Good communications with your contractor is vital to a successful project, as it helps clarify exactly what you want done. Get the answers that satisfy your needs; after all it is your home!
Check references thoroughly. Visit past work done by your contractor, and ask the homeowners for their opinions on the work done.
Bids that are noticeably lower that all others should be questioned. The difference may be in the quality of the materials used, experience of the crew doing the actual work, something is missing on the bid requirements, or it can be an indication that the contractor is not covering all the legitimate business costs. Don’t automatically disregard a high or low bid, ask questions!
Be sure that it includes price, payment terms, sales tax, permit fees (if applicable), the specific work to be performed, materials to be used, warranties and payment schedules. It is also a good idea to include change-order processes, final review and sign-off procedures and cleanup. Put all change-orders in writing and ask questions as work progresses. Avoid verbal contracts, and be very cautious about paying for incomplete work.
Make sure permits are in place and inspections are made as the work progresses. Make sure the name of your contractor appears on the permit.
Make frequent inspections and consult your local building department about required permits.
There are thousands of legitimate, ethical contractors in business around the country. Unfortunately, there are also scam artists looking to cheat you out of your money who pose as legitimate contractors. These "fly-by-night" operators often show up in communities impacted by natural disasters to try to scam distressed home owners into paying for shoddy repairs or work that they will never show up to perform.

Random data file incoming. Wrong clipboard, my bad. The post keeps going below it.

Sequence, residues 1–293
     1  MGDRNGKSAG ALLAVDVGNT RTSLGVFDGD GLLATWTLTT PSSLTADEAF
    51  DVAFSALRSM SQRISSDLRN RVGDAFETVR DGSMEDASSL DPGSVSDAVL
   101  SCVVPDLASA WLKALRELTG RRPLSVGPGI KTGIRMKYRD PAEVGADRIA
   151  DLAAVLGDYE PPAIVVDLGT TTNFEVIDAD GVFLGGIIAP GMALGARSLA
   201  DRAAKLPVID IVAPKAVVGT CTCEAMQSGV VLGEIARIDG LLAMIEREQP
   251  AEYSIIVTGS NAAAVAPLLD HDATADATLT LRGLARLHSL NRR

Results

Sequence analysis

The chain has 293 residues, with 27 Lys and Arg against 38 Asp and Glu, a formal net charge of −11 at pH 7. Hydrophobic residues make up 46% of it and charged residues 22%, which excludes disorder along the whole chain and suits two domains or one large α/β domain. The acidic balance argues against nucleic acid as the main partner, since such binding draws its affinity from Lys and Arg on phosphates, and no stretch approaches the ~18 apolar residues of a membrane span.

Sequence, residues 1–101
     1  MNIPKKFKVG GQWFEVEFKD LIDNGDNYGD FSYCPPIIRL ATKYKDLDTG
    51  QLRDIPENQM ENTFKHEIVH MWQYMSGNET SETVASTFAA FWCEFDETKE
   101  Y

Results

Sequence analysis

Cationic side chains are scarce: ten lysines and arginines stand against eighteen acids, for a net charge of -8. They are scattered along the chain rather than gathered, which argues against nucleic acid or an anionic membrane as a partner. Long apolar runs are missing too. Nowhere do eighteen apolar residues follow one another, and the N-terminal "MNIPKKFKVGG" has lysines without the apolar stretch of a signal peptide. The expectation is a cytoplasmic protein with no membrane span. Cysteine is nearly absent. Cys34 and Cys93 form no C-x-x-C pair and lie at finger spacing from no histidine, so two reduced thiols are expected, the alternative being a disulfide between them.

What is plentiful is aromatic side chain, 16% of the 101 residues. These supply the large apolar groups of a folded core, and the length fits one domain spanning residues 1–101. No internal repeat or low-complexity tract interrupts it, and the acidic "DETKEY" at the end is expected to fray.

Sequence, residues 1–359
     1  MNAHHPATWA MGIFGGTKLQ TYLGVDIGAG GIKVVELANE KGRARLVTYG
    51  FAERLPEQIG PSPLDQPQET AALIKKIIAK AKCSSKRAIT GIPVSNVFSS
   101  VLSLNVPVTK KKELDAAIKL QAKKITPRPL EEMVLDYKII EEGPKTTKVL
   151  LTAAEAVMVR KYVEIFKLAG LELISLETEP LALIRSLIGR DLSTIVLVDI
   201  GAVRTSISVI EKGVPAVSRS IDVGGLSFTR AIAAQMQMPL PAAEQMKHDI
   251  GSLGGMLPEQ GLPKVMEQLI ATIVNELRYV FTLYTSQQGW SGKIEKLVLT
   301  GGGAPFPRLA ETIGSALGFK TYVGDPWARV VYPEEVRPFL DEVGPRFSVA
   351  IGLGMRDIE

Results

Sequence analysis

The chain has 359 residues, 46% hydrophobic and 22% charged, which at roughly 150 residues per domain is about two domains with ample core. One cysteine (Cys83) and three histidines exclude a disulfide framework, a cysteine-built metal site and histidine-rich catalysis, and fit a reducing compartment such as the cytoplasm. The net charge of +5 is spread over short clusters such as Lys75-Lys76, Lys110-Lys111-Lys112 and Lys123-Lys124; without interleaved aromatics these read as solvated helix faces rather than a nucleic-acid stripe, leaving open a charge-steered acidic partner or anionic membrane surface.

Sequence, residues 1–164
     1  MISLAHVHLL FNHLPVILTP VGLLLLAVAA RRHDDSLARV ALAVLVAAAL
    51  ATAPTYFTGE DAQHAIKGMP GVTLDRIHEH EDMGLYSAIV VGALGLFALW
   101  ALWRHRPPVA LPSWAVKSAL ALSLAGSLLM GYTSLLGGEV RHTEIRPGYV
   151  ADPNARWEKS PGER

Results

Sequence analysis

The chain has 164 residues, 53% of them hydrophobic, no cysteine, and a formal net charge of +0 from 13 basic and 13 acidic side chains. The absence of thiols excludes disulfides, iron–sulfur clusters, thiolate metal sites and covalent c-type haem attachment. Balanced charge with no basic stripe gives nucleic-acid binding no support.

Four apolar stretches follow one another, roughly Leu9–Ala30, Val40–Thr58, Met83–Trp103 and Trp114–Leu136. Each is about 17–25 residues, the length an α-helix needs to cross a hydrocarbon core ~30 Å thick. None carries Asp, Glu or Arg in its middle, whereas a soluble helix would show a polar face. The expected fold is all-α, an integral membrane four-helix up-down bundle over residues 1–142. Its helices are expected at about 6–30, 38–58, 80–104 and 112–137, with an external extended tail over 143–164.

Here are some warning signs to look out for:
Doesn't have license and insurance. All professional contractors should be insured and able to show their certificate proving such insurance. Although all states do not require licensing, contractors in states requiring licenses should have it and be able to provide a copy.
Doesn't write contracts. Professionals have clear contracts that outline the job, process, the cost, and helps clarify how problems will be managed. If you don't have a contract, you are not protected when something goes wrong. Don't hire anyone who tells you a contract "won't be necessary."
Requires cash or payment in full before starting the job. Shady contractors demand cash and then run with the money. Many home owners have been stranded by paying in full up front. A deposit towards materials is common, but only pay it once you have a contract signed by both you and the contractor. It's also suspect you're asked to pay cash to a salesperson instead of a check or money order to a company.
Vastly underbids all other contractors. They may have the best price, but that doesn't guarantee the best work. Such contractors may cut costs on quality, which can end up costing you more when you have to have the substandard work redone.
Offers "special" pricing. If you're told you’ve been “chosen” as a demonstration project at a special, low price, or you’re told a low price is good only if you sign a contract today.
Cannot provide customer references. Professional contractors should have current references they can provide from current and past clients — and you should be able to reach those references, not just an answering machine.
Difficulty contacting the contractor. Professionals have a physical office, mailing address, phone, and email. They should respond to your queries in a timely manner. Make sure you can verify the contractor’s business address.
Your best bet is to take your time, do your research and choose someone you feel completely comfortable with. Contact Central Washington Home Builders Association for a list of reputable contractors in our community at www.cwhba.org. The state of Washington requires builders, remodelers, electricians and plumbers to be Registered. You can verify their Registration through the Departmentof Labor and Industries www.lni.wa.gov, then “search by name or license type” under Contractors. Make sure they don't have a record of consumer complaints lodged with them by contacting the Better Business Bureau.
"Any business owner who wants to be a good steward of company dollars needs to be involved with the ROII program. I see this program as a huge benefit to Baxter Construction and recommend it to all members. Program cost is very minimal and requires no time from you as a business owner, yet returns can be huge. We have seen returns as high as $8,500.00, so all I have to say about ROII is start now get involved in 2008." - Brice Baxter, Baxter Construction